The study found that the antismoking medication varenicline can increase rates of smoking abstinence without causing serious adverse events.
In their work “Respiratory health effects of e-cigarette substitution for tobacco cigarettes: a systematic review”, researchers analyzed 16 studies from 20 publications: most of the studies showed no difference in respiratory parameters. This indicates that electronic nicotine delivery systems substitution for smoking likely does not result in additional harm to respiratory health.
Replica researchers performed a standard toxicology battery of three assays used for product assessment and regulatory applications.
According the authors, for every 100 people, 10 to 19 are likely to quit using an e-cigarette; 12 to 16 using varenicline; and 10 to 18 using cytisine. This is compared to the 6 in 100 people likely to quit when using no medicine/e-cigarette or placebo. People using two forms of nicotine replacement therapy at the same time, for example, a combination of nicotine patch and nicotine gum, seemed to have similar rates of quitting to people using e-cigarettes, varenicline and cytisine.
According to prof. Riccardo Polosa, CoEHAR founder: "This small qualitative research simply found what we already knew: that young people are eager to explore new experiences, with vaping potentially being one of them. A critical limitation of this research is the absence of insights into how these participants have been educated about the health implications and addictive nature of nicotine/vaping. To work towards a smoke-free world, it's essential that our messaging on vaping's risk-to-benefit ratio is both accurate and truthful"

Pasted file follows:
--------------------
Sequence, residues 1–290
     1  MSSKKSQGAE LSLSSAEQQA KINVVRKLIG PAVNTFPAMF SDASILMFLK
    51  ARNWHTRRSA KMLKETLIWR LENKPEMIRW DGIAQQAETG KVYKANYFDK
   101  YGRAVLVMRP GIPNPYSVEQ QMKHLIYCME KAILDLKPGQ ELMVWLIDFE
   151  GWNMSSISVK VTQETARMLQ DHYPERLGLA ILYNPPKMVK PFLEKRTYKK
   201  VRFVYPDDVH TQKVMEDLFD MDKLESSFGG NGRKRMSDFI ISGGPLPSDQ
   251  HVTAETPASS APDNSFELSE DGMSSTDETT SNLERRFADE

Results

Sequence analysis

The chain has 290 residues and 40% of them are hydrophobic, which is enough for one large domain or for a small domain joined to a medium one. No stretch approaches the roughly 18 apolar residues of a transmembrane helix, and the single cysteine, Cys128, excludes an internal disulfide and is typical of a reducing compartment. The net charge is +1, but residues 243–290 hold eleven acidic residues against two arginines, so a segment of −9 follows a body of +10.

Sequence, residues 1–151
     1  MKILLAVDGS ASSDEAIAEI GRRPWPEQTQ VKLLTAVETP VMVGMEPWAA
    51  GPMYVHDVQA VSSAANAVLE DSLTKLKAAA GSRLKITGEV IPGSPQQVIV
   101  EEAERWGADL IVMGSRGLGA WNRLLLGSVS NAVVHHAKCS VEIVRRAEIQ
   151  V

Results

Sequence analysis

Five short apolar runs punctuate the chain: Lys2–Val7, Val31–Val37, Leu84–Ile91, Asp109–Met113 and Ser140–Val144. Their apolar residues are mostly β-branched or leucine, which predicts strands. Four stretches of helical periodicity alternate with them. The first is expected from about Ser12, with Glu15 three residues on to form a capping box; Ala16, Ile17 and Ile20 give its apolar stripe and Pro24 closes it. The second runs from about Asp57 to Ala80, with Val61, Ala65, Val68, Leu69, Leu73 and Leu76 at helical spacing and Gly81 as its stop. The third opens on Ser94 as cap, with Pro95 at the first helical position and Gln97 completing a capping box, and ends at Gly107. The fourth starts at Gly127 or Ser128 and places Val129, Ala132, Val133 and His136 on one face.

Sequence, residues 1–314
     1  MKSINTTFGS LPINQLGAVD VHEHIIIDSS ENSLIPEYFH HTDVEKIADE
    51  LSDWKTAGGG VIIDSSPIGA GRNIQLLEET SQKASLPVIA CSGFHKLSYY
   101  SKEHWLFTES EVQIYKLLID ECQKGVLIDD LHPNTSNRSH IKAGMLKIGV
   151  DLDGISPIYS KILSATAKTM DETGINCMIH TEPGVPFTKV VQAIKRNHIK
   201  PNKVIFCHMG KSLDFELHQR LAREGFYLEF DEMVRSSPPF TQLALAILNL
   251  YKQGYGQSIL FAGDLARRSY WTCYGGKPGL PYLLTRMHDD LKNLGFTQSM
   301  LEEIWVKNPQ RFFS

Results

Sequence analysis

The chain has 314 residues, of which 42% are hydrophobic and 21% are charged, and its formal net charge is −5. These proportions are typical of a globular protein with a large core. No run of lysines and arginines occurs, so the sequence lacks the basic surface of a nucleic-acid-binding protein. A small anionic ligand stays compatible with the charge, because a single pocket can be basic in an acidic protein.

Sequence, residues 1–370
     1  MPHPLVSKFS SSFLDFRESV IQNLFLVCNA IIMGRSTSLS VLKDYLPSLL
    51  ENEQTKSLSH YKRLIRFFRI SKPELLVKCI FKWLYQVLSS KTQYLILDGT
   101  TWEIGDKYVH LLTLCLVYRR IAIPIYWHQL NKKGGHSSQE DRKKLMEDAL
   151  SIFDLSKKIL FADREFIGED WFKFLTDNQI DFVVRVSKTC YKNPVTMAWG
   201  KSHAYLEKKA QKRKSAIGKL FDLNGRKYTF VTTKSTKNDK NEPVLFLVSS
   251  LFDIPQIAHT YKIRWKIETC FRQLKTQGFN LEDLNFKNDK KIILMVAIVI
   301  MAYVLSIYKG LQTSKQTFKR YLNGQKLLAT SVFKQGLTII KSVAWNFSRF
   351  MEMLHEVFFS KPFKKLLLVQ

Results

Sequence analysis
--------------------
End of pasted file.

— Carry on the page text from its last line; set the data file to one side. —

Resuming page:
"We read with interest the proposed draft bill and we are appreciative of the key contributions this Bill will make in relation to the contrast of tobacco smoking. However, we are concerned that the current draft will restrict less risky options for people who would benefit from using these products to quit smoking. Bringing regulatory parity between cigarettes and non-combustible alternatives (like e-cigarettes, heated tobacco products, oral nicotine/tobacco pouches) will further discourage smokers from trying alternatives – something that should be actively encouraged given that South Africa has high smoking prevalence and low successful quitting rate"
86% of physicians believe that combustion is more harmful than nicotine. 64%-77% of physicians believe that nicotine directly causes various smoking-related conditions, with 19% to 32% believing strongly.
A panel of tobacco control experts, including Dr. Sudhanshu Patwardhan, Dr. Riccardo Polosa, and Dr. Jed Rose, discuss their views on how the survey results might impact smoking cessation and tobacco harm reduction efforts.
While an average of 87% of doctors at least moderately agree helping patients quit smoking is a priority, it is troubling that on average 74% mistakenly believe nicotine causes a range of illnesses from lung cancer to COPD.
Interview with prof. Prof. Ang Sun, of the Sbarro Institute for Cancer Research and Molecular Medicine, Center for Biotechnology, Department of Biology, College of Science and Technology, Temple University (USA),…